Ex-NSA Director to Newsmax: 'Intel Guys' Must 'Man Up' to Obama

Image: Ex-NSA Director to Newsmax: 'Intel Guys' Must 'Man Up' to Obama

Thursday, 19 Dec 2013 09:39 AM

By Todd Beamon

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Former NSA Director Michael Hayden told Newsmax on Wednesday that White House intelligence officials will have to "man up" and tell President Barack Obama which recommendations from a presidential advisory panel on the agency's surveillance activities could jeopardize national security.

"The intel guys are going to have to man up and say, 'I know that will make you feel good, Mr. President, to talk about transparency or oversight — but, Mr. President, that is going to hurt our effectiveness in a significant way,' " Hayden told Newsmax in an exclusive interview.

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"The intel guys just have to man up and make those points," the retired Air Force general reiterated. "Then, the president has to make the right decision."

Hayden, also a former CIA chief, directed the National Security Agency from 1999 to 2005.

In a report spanning more than 300 pages, the Review Group on Intelligence and Communications Technology recommended that the NSA be limited in how it seizes Americans' telephone and Internet records without court approval.

The five-member panel said that the agency should have access to some records but that it should not be able to store them and should get court approval to search individual data.

The 46 recommendations in the report are strictly advisory, and Obama does not have to accept them. Overall, very few of the NSA's surveillance programs would be ended.

The White House released the report a day after a federal judge ruled that the NSA's secret collection of telephone records was unconstitutional and violated privacy rights.

U.S. District Judge Richard Leon made the decision in a lawsuit brought against the government by Larry Klayman, founder of Judicial Watch and Freedom Watch.

Klayman on Tuesday, on "The Steve Malzberg Show" on Newsmax TV, called the ruling a "smart decision" that bolstered the Fourth Amendment.

Obama ordered the advisory group to submit recommendations after widespread attacks on the NSA and the administration after former NSA contractor Edward Snowden leaked information about the agency’s broad Internet and telephone surveillance programs earlier this year.

Snowden is now living under temporary political asylum in Russia.

In its report, the task force said it sought to balance the nation's security with the public's privacy rights, and insisted the United States would not be put at risk if more oversight were put in place.

"We're not saying the struggle against terrorism is over or that we can dismantle the mechanisms that we have put in place to safeguard the country," said Richard Clarke, a task force member and former government counterterrorism official. "What we are saying is those mechanisms can be more transparent."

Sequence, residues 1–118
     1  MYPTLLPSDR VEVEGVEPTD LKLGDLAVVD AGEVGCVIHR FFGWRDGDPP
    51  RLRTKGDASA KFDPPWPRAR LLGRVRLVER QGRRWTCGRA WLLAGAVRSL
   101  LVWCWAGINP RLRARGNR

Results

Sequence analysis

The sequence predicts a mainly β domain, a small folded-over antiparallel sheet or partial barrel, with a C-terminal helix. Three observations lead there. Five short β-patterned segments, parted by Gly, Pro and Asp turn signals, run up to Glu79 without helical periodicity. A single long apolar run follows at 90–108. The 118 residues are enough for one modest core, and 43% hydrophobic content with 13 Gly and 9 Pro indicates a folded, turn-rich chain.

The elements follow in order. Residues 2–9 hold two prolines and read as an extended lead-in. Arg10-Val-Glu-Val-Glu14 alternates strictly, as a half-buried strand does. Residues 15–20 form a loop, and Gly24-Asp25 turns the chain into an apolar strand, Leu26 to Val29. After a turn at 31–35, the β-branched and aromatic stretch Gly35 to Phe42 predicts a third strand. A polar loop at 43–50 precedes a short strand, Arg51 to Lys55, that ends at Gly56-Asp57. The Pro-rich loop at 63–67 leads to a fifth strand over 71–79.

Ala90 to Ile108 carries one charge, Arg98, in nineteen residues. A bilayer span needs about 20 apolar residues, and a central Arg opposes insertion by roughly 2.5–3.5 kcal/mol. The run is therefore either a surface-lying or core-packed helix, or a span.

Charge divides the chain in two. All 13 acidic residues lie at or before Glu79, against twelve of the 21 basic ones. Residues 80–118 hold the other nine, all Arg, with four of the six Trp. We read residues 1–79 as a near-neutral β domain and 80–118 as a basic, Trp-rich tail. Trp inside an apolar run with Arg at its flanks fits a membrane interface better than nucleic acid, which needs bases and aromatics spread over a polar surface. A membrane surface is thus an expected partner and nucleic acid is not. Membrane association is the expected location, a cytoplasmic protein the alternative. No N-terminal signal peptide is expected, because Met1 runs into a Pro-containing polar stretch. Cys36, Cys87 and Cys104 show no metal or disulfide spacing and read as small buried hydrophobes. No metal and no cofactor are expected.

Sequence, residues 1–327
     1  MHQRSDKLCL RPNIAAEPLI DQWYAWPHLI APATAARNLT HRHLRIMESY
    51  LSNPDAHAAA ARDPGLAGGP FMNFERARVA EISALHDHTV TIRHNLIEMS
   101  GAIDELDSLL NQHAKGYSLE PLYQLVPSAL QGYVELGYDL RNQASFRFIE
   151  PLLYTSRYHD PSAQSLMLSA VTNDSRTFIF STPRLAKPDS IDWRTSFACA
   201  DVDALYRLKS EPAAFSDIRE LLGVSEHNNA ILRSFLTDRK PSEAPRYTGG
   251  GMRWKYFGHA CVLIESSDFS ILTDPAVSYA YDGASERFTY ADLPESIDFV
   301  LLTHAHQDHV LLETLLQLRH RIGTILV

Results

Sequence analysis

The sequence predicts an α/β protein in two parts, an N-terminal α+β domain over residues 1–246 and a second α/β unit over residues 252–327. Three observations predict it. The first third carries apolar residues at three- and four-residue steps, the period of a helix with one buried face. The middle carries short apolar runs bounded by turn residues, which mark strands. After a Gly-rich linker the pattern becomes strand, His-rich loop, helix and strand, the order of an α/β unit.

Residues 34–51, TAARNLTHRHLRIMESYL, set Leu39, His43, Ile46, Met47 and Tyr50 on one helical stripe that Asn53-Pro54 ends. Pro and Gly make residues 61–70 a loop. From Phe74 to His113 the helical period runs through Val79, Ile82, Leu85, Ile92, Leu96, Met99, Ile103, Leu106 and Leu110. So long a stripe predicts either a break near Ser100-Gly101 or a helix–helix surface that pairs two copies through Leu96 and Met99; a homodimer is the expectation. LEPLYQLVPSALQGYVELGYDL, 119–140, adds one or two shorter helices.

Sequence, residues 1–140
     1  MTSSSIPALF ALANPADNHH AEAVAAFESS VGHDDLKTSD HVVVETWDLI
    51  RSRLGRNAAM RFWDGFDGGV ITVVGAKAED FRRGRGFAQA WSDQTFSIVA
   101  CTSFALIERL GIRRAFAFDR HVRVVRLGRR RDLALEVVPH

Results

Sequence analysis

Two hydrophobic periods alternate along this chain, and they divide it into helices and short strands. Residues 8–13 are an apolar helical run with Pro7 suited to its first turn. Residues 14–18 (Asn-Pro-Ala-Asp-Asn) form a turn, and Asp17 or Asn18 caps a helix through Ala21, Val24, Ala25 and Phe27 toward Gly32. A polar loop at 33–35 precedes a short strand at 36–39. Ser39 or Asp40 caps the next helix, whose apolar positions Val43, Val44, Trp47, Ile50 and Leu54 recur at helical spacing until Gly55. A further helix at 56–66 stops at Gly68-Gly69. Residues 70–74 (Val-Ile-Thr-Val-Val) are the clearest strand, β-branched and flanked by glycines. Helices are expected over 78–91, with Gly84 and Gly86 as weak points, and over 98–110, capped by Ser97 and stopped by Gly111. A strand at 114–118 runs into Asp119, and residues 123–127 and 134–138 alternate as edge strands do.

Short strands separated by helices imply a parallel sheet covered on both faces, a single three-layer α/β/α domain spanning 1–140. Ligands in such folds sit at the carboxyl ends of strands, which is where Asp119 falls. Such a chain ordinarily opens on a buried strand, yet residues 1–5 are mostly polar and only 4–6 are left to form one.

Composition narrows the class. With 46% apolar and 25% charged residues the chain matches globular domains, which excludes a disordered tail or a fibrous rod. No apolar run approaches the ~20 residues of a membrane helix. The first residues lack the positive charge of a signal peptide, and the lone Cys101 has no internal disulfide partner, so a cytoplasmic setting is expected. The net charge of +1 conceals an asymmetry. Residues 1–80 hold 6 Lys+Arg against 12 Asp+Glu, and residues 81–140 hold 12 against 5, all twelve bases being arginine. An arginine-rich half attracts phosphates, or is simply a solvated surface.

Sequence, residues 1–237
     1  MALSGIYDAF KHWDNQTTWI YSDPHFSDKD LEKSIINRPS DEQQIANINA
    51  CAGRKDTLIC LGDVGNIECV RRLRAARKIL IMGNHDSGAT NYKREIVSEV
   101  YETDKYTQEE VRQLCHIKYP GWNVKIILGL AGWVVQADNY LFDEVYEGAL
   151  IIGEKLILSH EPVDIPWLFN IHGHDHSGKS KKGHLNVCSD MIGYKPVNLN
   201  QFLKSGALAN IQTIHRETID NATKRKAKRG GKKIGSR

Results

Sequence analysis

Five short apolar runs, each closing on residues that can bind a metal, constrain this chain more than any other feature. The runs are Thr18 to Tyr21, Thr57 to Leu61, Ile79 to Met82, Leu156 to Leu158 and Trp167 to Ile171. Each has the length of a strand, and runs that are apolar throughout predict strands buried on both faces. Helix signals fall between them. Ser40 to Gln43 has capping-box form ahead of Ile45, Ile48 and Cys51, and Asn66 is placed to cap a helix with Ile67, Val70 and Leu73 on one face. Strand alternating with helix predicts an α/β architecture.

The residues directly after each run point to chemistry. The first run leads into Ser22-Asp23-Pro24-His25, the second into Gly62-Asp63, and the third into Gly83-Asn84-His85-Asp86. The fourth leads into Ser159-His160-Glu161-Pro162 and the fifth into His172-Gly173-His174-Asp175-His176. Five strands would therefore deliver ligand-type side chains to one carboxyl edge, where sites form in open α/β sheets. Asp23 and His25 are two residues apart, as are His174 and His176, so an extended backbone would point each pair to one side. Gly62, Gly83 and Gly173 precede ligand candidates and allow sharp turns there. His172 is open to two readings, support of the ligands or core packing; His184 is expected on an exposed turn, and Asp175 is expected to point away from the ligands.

Regarding the NSA's metadata program, the daily collection of information on trillions of Americans' phone and Internet communications, the panel recommended that the information be held by telephone providers or other third parties.

The NSA then would gain access to the data only through an order from the Foreign Intelligence Surveillance Court.

Obama is not going to accept that recommendation, Hayden predicted.

"I am not at all convinced that, when this is all done, the government isn't still going to be keeping all those phone records," he said. "I do not think this automatically means that the government's going to give up control of those records. I can see that one being rejected by the president."

The recommendations on both the metadata program and the FISA court would add more layers to both agencies, the retired general added.

"If we are more transparent, it will certainly shave points off operational effectiveness," Hayden said. "That's why intelligence agencies are secretive in the first place."

He said likewise regarding the recommendation that the surveillance of foreign officials should be personally approved by Obama. The disclosure of such activities has brought strong attacks on the administration by German Chancellor Angela Merkel and other world leaders.

"I suspect that we will be intercepting the communications of fewer foreign leaders," Hayden told Newsmax. "The best the president can do is simply to tell foreign leaders, 'The United States isn't going to do any of that unless I personally approve it.' And, frankly, at that point, he's done.

"There's nothing more that he can promise foreign leaders other than he will personally look into the matter," he said. "If what we're promising the rest of the world [is] that the president will authorize some of these hypersensitive activities, that's fine — which is quite different from promising that we won't do it."

The Associated Press contributed to this report.

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